Increasing Organizational Capacity to Support Undocumented Youth

 

The UndocuScholars Projects support collaborative research between researchers andorganizations that provide services to undocumented youth in higher education. The goals of this strand of project are: to establish formal relationships between researchers and organizations, 2) help organizations strengthen their research capacity and establish a culture of inquiry that will improve their use of research to inform their work, and 3) help researchers think about their own work in the context of real world problems in order to promote more applied and actionable research. This year UndocuScholars has collaborated with three partnerships to support their efforts in supporting undocumented youth, this project is comprised of three partnerships:

 

“The CSU UndocuServices Project” (CUSP)

Partnership: Dr. Tracy Lachica Buenavista, Professor of Asian American Studies and core faculty in the Doctoral Program in Educational Leadership at California State University, Northridge (CSUN), and the CSUN EOP DREAM Center. Dr. Buenavista will collaborate with Mr. Dario Fernandez and Ms. Blanca Villagomez, the Coordinator and Student Success Advisor of the CSUN DREAM Center. 

The CSU UndocuServices Project (CUSP) seeks to understand the various forms of institutional support available for undocumented students throughout the California State University (CSU) system. The primary objective is to determine the factors that shape the development of institutionalized support programs and services for undocumented students in the CSU system. CUSP also seeks to understand the challenges and accomplishments of institutionalized support so that other CSU campuses interested in establishing undocumented student resources will have access to research-based best practices and recommendations to refine and/or establish new undocumented student programs and services.

 

“Cultivating educational aspirations in low-income and families of color through education, engagement, and empowerment”

Partnership: Matt Matera, ScholarshipsA-Z’s Executive Director and Dr. Susana Muñoz, Assistant Professor at Colorado State University.

ScholarshipsA-Z (SA-Z), in collaboration with Dr. Susana Muñoz, Assistant Professor at Colorado State University, launch the SA-Z climate assessment, a comprehensive analysis of the impact of SA-Z’s educator training on school climate for undocumented and DACA students. The project will help SA-Z further its mission of providing resources and scholarships to students, families, and educators in order to make higher education accessible to all regardless of immigration status. The primary goal of the SA-Z Climate Assessment is to offer deeper insight into the effectiveness of SA-Z’s training on creating a school climate that welcomes, serves, and protects undocumented and DACA students.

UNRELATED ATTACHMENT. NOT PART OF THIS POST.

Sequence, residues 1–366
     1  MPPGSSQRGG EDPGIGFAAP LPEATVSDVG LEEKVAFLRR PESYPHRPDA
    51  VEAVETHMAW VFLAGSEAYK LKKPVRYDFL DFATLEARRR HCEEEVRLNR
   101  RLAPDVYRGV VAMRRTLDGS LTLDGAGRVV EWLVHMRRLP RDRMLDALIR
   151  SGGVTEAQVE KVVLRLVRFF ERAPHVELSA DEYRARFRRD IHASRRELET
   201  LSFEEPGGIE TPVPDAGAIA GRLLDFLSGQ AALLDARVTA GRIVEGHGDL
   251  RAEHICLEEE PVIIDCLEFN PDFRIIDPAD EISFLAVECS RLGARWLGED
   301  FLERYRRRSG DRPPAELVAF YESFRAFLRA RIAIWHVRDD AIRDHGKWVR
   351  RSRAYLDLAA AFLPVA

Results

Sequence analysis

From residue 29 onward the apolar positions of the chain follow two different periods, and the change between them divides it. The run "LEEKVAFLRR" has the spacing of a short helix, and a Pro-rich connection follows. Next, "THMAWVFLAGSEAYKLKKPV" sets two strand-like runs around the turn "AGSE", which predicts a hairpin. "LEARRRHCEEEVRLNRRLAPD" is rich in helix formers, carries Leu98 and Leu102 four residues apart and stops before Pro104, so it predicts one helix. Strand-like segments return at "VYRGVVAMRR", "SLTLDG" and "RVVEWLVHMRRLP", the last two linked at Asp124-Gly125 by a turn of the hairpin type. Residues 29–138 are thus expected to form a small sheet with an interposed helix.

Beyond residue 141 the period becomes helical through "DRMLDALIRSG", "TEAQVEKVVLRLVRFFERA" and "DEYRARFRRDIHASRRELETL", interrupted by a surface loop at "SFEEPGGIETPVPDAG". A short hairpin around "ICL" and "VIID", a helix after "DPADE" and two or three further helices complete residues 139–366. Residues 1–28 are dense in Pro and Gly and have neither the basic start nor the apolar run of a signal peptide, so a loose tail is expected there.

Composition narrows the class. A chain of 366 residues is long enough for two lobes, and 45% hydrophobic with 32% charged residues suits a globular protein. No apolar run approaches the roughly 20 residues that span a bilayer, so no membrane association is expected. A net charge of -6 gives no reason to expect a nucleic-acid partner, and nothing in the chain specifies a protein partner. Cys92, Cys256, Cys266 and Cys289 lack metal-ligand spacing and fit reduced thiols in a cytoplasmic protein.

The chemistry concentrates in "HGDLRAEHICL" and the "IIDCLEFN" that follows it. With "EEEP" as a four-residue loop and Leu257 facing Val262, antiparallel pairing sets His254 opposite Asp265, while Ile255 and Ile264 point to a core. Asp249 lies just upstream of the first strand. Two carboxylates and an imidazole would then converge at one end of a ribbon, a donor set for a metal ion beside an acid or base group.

“Dreamer Resource Centers: Institutional Supports for Undocumented Students”

Partnership:  Dr. Jesus Cisneros an Assistant Professor at the University of Texas at El Paso, in collaboration with Diana Valdivia who is the coordinator of Undocumented Student Services at the University of California, Santa Barbara.

We are interested in evaluating Dreamer Resource Centers within institutions of higher education. We seek to elevate the leadership and educational contributions of such efforts for responding to the presence and needs of undocumented students. By investigating their development and contributions, our proposed project seeks to highlight Dreamer Resource Centers as viable structures for supporting undocumented students in higher education. Our goal is to expose academic and administrative leadership at other institutions to the possibility of Dreamer Resource Centers and the impact of such efforts on campus and in the community. We would like to map Dreamer Resource Centers across the country to help institutions of higher education connect with each other, improve their efficiency, and optimize their resources for working with undocumented students. It is our hope that such data mapping would contribute to the generation of practice-related professional development resources and opportunities for providing enhanced services for undocumented students.

 
 
AdobeStock_149676692.jpeg